Guest blog by Gareth Cunningham, RSPB Head of Nature Policy.
Britain is home to over 8 million seabirds and holds globally important populations of species such as puffins, Manx shearwaters and gannets, its waters providing rich feeding grounds for their hungry chicks. Back in 2016 we called on the UK Government to protect some of England’s most important areas for seabirds.
Today, Environment Secretary Michael Gove, announced 41 new Marine Conservation Zones (MCZs) around England and Northern Ireland.
These are the sites the UK Government consulted on last year, representing the “final tranche” of MCZs that the UK Government is to designate. The announcement, however, is a mixed bag, and while greater protection for our seas is always a welcome, so-called mobile species such as seabirds have not benefited nearly as much as we had hoped.
But first let’s focus on the good news that a new site that spans the Northumberland coast now offers year-round protection to eider, the county's emblem bird, known locally as the ‘Cuddy duck’. This diving sea duck nests on the coast, rears its offspring in sheltered waters and spends the winter here too. Unfortunately, eider numbers have been falling despite our best efforts to protect its breeding areas (e.g. RSPB’s Coquet Island). We hope that this new MCZ, as part of a well-managed network of protected areas, will help to secure the future of eider by safeguarding the waters they critically rely on for food and safety.
We are also pleased to see the addition of razorbill as a feature of the existing Cumbria Coast Marine Conservation Zone where this species is in decline and needs all the help it can get. We still maintain, however, that had the razorbill’s relative - common guillemot – also been cited as a feature for this site it would have added significant value to this MCZ.
Sadly that is where the good news ends. Despite evidence to the contrary and local stakeholder support, this UK Government announcement does not include any additional protection for seabirds in the south-west of England, such as much needed protection for black-necked grebe.
Today’s additions to the MCZ network come hot on the heels of the UK’s four administrations’ publication of a joint report (9th May) on progress towards their shared ambition of achieving “clean, healthy, safe, productive, biologically diverse oceans and seas”, a laudable goal they have been working towards since 2012. However, the results of the last 6 years, summarised here, demonstrate that – by their own admission – our governments are failing to protect our seas, and nowhere is this more visible than the relentless erosion of our seabird populations.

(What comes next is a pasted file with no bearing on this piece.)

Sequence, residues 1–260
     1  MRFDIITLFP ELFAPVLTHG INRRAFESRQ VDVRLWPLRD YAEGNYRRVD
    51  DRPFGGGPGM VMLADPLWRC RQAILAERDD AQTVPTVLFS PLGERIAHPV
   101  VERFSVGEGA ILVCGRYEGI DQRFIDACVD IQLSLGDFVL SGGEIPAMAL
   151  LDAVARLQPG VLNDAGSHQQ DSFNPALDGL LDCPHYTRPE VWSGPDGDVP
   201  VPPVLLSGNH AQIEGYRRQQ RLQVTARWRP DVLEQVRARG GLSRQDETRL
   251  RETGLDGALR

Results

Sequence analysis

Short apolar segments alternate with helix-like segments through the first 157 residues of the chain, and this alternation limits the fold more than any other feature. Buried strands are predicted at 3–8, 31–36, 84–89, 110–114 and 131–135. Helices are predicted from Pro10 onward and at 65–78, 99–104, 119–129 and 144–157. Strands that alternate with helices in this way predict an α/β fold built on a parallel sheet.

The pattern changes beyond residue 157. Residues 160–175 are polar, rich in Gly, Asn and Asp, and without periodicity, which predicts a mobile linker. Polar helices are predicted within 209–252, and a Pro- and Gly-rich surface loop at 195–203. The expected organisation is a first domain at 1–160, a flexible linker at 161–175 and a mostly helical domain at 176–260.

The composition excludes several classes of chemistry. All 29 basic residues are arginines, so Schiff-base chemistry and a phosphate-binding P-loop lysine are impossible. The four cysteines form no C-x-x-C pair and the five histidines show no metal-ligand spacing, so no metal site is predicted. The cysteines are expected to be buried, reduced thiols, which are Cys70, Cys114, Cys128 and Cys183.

New protected areas are an important part of the solution. But if we only choose to protect only one or two species at a time, then we risk seeing an even greater reduction in numbers. It is clear that we need a major recovery plan for our seabirds, one that sets out clear and decisive action to reverse their decline.
This is why the RSPB is calling for a comprehensive Seabird recovery plan..
For now, let’s celebrate that the “Cuddy duck” will continue to be a part of Northumberland’s rich heritage. We hope that today’s announcement is an indication that the UK Government is taking the plight of our seabirds seriously and that more action will swiftly follow.
All the targets set in the legislation should be easily achievable. Many use the words " not significantly impacted by human activities" yet by 2020 when the targets should have been met there has been little progress. Only Scotland has got itself somewhat ready by 2019 and even there progress has not been good, but may yet happen. In England the announcement of zones without any enforcement may as well not have happened. The first legislation which has failed to meet these targets was passed in 2010. The biodiversity of our seas is decreasing, destructive fishing techniques are still allowed almost anywhere, and bird populations are still on the same downward curve. We really need politicians to act.
We spend 90% of net income on conservation, public education and advocacy
The RSPB is a member of BirdLife International. Find out more about the partnership
© The Royal Society for the Protection of Birds (RSPB) is a registered charity: England and Wales no. 207076, Scotland no. SC037654